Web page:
Recent Decisions of the Pennsylvania Superior Court Significantly Affecting DUI Cases in Pennsylvania
- In Commonwealth v. Jason Schildt, the Pennsylvania Superior Court recently overturned a lower court ruling quashing all evidence of the Defendant’s breath test result. Although the case was reversed in favor of the Commonwealth, the central issue remains. The issue in the case was whether the current PennDOT regulations regarding calibration of breath testing devices are sufficient to substantiate the reliability of a test result in excess of .15% or below .05%. The Superior Court, in reversing the suppression order, simply stated that these are issues for trial and go to the weight of the evidence. The expert testimony that was produced in Schildt was sufficient to convince the trial judge that under the current PennDOT regulation framework, which only calibrates up to .15%, a breath test result which is higher than .15% is unreliable as a matter of science. The Schildt case leaves open the possibility that until such time as PennDOT’s regulations are amended, any alleged breath test result in excess of .15% is going to be subject to challenge at trial on the weight of the evidence.
- In Commonwealth v. Barker, the Pennsylvania Superior Court held that where the Defendant was a brittle diabetic and had previously developed an infection in his leg as result of an injection, it was reasonable for him to request and for the officer to authorize an alternative test such as a test of urine. The officer declined the request for a urine test. At the conclusion of a bench trial, the Defendant was convicted of Driving Under the Influence. The court focused on §1547(i) indicating that the motorist had the right to ask for an alternative test and that such request shall be honored when it is reasonably practicable to do so. The court held that the Defendant’s request for a urine test was neither impractical nor unreasonable and that refusing to do so deprived the Defendant of substantial evidence that may have rebutted the Commonwealth’s allegations. Ultimately, the Superior Court reversed the judgment as sentenced and discharged the Defendant.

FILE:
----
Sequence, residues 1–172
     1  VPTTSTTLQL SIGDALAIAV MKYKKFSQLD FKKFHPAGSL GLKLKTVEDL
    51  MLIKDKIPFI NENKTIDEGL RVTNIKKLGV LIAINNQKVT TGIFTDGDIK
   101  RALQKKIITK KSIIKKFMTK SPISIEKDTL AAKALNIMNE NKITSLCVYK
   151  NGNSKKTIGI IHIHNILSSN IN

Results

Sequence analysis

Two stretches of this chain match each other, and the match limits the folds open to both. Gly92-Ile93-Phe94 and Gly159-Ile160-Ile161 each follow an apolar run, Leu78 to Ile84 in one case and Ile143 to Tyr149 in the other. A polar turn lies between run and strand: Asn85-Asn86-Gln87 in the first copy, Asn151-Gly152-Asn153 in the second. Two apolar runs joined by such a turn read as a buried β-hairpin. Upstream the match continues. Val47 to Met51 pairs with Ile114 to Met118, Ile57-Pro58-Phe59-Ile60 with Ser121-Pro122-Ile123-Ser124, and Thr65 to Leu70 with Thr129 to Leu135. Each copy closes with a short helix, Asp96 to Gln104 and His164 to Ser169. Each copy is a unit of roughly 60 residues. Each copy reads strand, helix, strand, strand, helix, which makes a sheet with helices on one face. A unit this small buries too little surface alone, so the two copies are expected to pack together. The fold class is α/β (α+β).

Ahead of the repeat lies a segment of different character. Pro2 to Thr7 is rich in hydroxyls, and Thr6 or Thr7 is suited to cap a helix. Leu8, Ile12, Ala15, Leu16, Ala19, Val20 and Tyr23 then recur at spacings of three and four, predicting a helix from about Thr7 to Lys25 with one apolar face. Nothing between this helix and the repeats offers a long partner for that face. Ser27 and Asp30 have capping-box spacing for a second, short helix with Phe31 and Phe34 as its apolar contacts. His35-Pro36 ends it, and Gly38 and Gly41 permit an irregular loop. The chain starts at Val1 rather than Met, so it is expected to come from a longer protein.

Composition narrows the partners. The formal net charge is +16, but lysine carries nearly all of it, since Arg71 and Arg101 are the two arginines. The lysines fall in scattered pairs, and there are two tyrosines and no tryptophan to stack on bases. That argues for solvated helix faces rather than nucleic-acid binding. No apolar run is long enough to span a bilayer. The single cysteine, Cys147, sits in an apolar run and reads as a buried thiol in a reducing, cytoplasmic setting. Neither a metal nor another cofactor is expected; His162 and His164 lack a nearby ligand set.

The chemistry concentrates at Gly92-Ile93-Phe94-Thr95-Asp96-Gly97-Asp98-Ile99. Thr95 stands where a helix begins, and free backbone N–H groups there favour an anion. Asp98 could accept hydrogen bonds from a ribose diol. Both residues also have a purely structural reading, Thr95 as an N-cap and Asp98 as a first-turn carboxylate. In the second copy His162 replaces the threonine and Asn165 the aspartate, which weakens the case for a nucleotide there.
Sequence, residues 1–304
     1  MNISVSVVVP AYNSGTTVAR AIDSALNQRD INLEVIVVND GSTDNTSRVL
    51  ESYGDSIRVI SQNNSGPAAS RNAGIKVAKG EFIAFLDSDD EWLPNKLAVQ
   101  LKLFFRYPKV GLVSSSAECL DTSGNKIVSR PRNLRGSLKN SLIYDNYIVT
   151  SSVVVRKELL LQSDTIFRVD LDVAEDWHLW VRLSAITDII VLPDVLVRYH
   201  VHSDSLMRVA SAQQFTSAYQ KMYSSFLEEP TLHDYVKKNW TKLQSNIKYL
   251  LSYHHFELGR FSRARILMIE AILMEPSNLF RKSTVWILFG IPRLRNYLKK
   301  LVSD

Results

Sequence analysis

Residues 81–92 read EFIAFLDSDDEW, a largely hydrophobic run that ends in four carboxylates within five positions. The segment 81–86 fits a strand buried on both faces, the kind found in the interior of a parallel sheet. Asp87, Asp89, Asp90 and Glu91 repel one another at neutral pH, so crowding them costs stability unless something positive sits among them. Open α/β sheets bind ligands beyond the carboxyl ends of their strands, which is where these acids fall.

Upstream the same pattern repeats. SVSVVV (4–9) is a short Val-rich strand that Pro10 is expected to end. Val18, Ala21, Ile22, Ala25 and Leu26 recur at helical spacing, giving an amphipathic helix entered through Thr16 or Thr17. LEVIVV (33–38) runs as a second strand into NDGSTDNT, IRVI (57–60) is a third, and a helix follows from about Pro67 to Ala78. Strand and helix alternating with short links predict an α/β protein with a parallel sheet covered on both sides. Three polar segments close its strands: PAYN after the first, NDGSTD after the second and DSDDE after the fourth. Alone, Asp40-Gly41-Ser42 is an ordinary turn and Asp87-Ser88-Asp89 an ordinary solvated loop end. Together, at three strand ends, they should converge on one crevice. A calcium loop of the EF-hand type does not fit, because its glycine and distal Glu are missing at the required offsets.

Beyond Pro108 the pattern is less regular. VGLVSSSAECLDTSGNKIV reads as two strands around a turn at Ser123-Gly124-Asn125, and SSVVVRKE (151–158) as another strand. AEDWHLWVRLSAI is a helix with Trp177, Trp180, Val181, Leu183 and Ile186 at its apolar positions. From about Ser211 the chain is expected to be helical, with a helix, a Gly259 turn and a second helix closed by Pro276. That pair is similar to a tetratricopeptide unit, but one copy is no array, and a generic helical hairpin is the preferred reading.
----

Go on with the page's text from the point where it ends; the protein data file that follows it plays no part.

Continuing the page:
- In Commonwealth v. Durso, the Superior Court, in an issue of first impression, held that the campus police of a state-owned university were not statutorily authorized to conduct a vehicle stop off of university property. The facts involved the Slippery Rock University Police who conducted a traffic stop in Slippery Rock Borough based upon a headlight malfunction. When the officers observed the traffic violation they were in Slippery Rock Borough and the traffic stop occurred outside of campus grounds. The court found that there was a distinction in authority between campus police of state-owned universities versus campus police employed by state-related or state-aided universities. In a foot note, the opinion listed those universities in the Commonwealth designated as state-owned college and universities as follows: Bloomsburg University, California University of Pennsylvania, Cheyney University, Clarion University, East Stroudsburg University, Edinboro University, Indiana University of Pennsylvania, Kutztown University, Lock Haven University, Mansfield University, Millersville University, Slippery Rock University, Shippensburg University and West Chester University.
- In Commonwealth v. Tanner, in a case involving Homicide by Vehicle while DUI Aggravated Assault by Vehicle While DUI and DUI Highest Rate of Alcohol, the Superior Court addressed the issue of merger in a case involving those three counts. The facts of the case involved a two-vehicle accident with one person deceased and one person with serious bodily injuries. After the Defendant pled guilty, the Defendant was sentenced in the aggravated range at all three counts and ordered that all three sentences be consecutively served to one another. The aggregate term was 71 to 142 months in prison. The Superior Court decided sua sponte that the DUI conviction merged with the convictions for Homicide by Vehicle While DUI and Aggravated Assault by Vehicle While DUI and concluded that the trial court had imposed an illegal sentence. The case was then remanded for re-sentencing. The court reasoned that the single criminal act of Driving Under the Influence was the factual basis for all three criminal convictions. The court further found that all of the statutory elements of the crime of DUI are included in the statutory elements of the crimes of Homicide by Motor Vehicle While DUI and Aggravated Assault by Vehicle While DUI.